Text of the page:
This is a prerelease version.

IMap SQL Connector

The IMap connector supports batch and stream processing by reading from maps as well as adding entries to maps in a local cluster. Maps in remote clusters are not supported yet.

Serialization Options

The keyFormat and valueFormat options are mandatory. Currently, if you create the mapping explicitly, we can’t resolve these from a sample.

Possible values for keyFormat and valueFormat:

  • any of the supported SQL data types, except for OBJECT

  • portable

  • json

  • java

The key and value formats can be different.

Primitive Serialization

If the format is one of the primitive type names, then the Java class representing that type will be stored in the map. By primitive type we mean any supported SQL data type, except for OBJECT.

For example, to create a mapping for IMap<Integer, String>, use:


Portable Serialization

For this format, you need to specify additional options:

  • keyPortableFactoryId, valuePortableFactoryId

  • keyPortableClassId, valuePortableClassId

  • keyPortableVersion, valuePortableVersion: optional, default is 0

If you omit a column list from the CREATE MAPPING command, Hazelcast will resolve column names and types by looking at the ClassDefinition found using the given factory ID, class ID, and version.

If the ClassDefinition with the given IDs is not known to the cluster, the column list is mandatory and Hazelcast will create the ClassDefinition based on the column list.

The benefit of this format is that it doesn’t deserialize the whole key or value when reading only a subset of fields. Also it doesn’t require a custom Java class to be defined on the cluster, so it’s usable for non-Java clients.

Example mapping where both key and value are Portable:

    'keyFormat' = 'portable',
    'keyPortableFactoryId' = '123',
    'keyPortableClassId' = '456',
    'keyPortableVersion' = '0',  -- optional
    'valueFormat' = 'portable',
    'valuePortableFactoryId' = '123',
    'valuePortableClassId' = '789',
    'valuePortableVersion' = '0'  -- optional

For more information on Portable see Implementing Portable Serialization.

JSON Serialization

To store values in JSON, you must declare the field names. For example, here, we create a mapping to a distributed map that stores a JSON object with the ticker and amount fields.

    __key BIGINT,
    ticker VARCHAR,
    amount INT)
    'keyFormat' = 'bigint',
    'valueFormat' = 'json')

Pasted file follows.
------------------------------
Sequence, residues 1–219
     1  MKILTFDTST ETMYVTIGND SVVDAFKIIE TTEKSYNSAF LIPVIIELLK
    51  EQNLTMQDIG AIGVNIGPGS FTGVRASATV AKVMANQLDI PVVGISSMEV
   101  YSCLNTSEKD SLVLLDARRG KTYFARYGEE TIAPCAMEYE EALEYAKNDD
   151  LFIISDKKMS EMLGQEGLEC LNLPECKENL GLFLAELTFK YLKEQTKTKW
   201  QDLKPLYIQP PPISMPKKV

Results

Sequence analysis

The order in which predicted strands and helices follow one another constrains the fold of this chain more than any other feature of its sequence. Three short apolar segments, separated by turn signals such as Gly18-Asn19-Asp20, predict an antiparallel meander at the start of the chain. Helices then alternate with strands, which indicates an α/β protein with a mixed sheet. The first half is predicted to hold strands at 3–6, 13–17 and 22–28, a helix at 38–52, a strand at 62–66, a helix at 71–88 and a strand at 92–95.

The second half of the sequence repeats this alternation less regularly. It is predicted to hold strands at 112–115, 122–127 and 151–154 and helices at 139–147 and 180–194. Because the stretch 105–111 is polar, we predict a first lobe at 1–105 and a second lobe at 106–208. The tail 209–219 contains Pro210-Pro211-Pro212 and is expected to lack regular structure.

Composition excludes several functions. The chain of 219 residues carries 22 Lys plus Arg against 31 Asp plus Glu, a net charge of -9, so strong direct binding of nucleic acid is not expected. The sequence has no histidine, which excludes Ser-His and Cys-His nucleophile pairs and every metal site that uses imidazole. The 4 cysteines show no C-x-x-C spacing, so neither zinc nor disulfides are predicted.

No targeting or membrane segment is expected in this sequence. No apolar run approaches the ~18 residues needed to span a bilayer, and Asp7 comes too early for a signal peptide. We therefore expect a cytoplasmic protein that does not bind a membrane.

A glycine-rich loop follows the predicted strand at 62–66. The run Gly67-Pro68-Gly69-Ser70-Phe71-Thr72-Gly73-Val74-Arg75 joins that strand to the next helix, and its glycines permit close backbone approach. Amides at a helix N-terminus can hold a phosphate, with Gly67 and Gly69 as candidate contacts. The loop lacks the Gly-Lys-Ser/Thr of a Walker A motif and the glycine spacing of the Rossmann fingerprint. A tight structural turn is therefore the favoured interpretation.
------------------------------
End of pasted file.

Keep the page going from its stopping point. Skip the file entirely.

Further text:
There are no additional options for this format.

By default, Hazelcast serializes JSON into HazelcastJsonValue objects, which allows you to query its fields.

JSON’s type system doesn’t match SQL’s exactly. For example, JSON numbers have unlimited precision, but such numbers are typically not portable. We convert SQL integer and floating-point types into JSON numbers. We convert the DECIMAL type, as well as all temporal types, to JSON strings.

We don’t yet support the JSON type from the SQL standard. That means you can’t use functions like JSON_VALUE or JSON_QUERY. If your JSON documents don’t all have the same fields or if they contain nested objects, the usability is limited.

Java Serialization

Java serialization is the last-resort serialization option. It uses the Java object exactly as map.get() returns it. You can use it for objects serialized using the Java serialization or Hazelcast custom serialization (DataSerializable or IdentifiedDataSerializable).

For this format you must specify the class name using keyJavaClass and valueJavaClass options, for example:

    'keyFormat' = 'java',
    'keyJavaClass' = 'java.lang.Long',
    'valueFormat' = 'java',
    'valueJavaClass' = 'com.example.Person')

If the Java class corresponds to one of the basic data types (numbers, dates, strings), that type will directly be used for the key or value and mapped as a column named __key for keys and this for values. In the example above, the key will be mapped with the BIGINT type. In fact, the above keyFormat and keyJavaClass duo is equivalent to 'keyFormat'='bigint'.

If the Java class is not one of the basic types, Hazelcast will analyze the class using reflection and use its properties as column names. It recognizes public fields and JavaBean-style getters. If some property has a non-primitive type, it will be mapped under the OBJECT type.

The class must be available to the cluster. You can either add it to the members class paths by creating a JAR file and adding it to the lib folder, or you can use User Code Deployment. The user code deployment has to be enabled on the members; add the following section to the config/hazelcast.yaml file:

    enabled: true

Then use a client to upload the class:

ClientConfig clientConfig = new ClientConfig();
HazelcastInstance hz = HazelcastClient.newHazelcastClient(clientConfig);